New research, published today in the journal Environmental Science & Technology, shows that some persistent perfluorinated chemicals (PFCs) can be transferred from mother to infant via breast milk. These chemicals, which have been widely used, are linked to a number of health problems, including negative impacts on immune response to vaccines in children. The research suggests that breast milk is a major source of exposure to some PFCs during infancy, though the researchers emphasise the important benefits of breast milk for babies. [read more]
A Circular Economy is an important component of a future-focussed, sustainable, economy, and CHEM Trust therefore welcomes the European Commission’s current consultation on the Circular Economy.
We have submitted a briefing to the consultation making recommendations for policies that are needed in order to ensure that the circular economy doesn’t end up perpetuating the use of hazardous chemicals. The aim of Europe’s policies on the circular economy has to be the creation of a clean circular economy, as this is the only truly sustainable approach.
Our key recommendations: [read more]
Perfluorinated compounds (PFCs) have been used in some of our favourite products including waterproof clothing and non stick pans, but their persistence means they’re found all over the globe, in wildlife and in our blood and other tissues. As the amount of research showing the harmful effects of these widely used chemicals grows, many of them are still in use – including in the packaging of microwaveable popcorn. [read more]
Professor Louis Guillette, one of the first scientists to study hormone disruption in wildlife, sadly died on 6th August 2015. His death is a great loss to many, including those of us working to get endocrine disrupting chemicals (EDCs) phased out.
His work was pivotal in showing the effects that EDC chemicals could wreak in wildlife, particularly focussing on alligators.
CHEM Trust Policy Director Gwynne Lyons, said: [read more]
The European Commission is currently investigating the potential impacts of different ways of setting criteria to identify Endocrine (or Hormone) Disrupting Chemicals (EDCs) and has proposed four options. At a recent European Commission conference at the beginning of June the German Risk Assessment Institute (BfR) presented an additional option, which they called ‘option 4b’. CHEM Trust has now analysed this proposal, and finds that it is not a good method to set criteria, from both a scientific and policy point of view. [read more]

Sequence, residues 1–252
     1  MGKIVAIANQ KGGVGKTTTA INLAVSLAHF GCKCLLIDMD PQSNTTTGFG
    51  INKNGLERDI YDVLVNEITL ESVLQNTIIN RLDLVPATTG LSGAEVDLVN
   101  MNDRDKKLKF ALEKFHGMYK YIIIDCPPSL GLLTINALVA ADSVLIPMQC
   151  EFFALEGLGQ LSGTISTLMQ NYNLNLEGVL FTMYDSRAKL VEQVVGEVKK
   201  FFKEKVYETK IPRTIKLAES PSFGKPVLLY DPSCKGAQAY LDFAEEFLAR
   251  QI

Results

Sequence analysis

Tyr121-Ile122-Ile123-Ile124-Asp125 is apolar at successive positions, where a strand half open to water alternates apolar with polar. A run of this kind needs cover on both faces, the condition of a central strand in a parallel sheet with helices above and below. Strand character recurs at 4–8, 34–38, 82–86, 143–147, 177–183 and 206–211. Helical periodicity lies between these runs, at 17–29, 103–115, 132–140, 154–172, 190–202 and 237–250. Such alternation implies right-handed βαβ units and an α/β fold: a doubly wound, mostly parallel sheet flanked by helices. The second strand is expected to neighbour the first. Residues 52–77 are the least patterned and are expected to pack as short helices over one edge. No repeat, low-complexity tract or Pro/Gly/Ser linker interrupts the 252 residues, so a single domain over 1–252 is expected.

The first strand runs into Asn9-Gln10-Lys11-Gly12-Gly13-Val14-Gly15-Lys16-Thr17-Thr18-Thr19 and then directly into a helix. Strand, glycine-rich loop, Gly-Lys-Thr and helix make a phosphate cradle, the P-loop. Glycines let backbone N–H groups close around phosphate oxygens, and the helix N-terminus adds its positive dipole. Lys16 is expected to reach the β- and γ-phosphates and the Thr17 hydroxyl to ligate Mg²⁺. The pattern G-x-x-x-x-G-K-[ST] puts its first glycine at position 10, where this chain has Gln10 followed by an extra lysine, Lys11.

Fracking remains near the top of the UK political agenda, with events in the last few weeks adding to the concerns we expressed in our briefing and report, launched on the 21st June. The government has U-turned on the protection of wildlife sites, and more cuts are on the horizon for the regulators. Meanwhile fracking company Cuadrilla has appealed against the decision by Lancashire County Council to refuse it permission to start fracking at two sites.
Update, 28th August: the Government is also increasing the centralisation of planning decisions, has awarded new licences, and is starting a consultation on exploration in more environmentally sensitive areas. [read more]
A major US-based study has found that producing and using safer chemicals is good for business, and recommends that companies that are not already evaluating the potential of safer chemicals should do so. The study estimates that the market for safer chemicals has 24 times the growth potential of the worldwide conventional chemicals market , and that job creation in safer goods and services is well ahead of the conventional chemical industry. [read more]
A year ago we wrote about new research which found that hazardous chemicals are used in food packaging, and that chemicals in many food packaging materials are not properly regulated by the EU. We sent a letter to the then EU Health Commissioner Tonio Borg, and the reply from his office said that the Commission’s Joint Research Centre (JRC) was going to start an analysis of this problem. An outline of the terms of reference (TOR) of this analysis was finally released at the end of June 2015, following months of pushing from CHEM Trust, and the study is due to be completed by the beginning of 2016.
Just over a week ago we published our new briefing and detailed report looking at chemical pollution from fracking. It’s been a busy 10 days since publication, with inaccurate criticism of our report from the UK fracking industry, two decisions on fracking applications in Lancashire, UK, and an EU Commission stakeholder meeting. [read more]
CHEM Trust yesterday launched a new report “Chemical Pollution from Fracking” and briefing “Fracking pollution: How toxic chemicals from fracking could affect wildlife and people in the UK and EU“. The report was the result of months of research and was written by a very experienced technical journalist .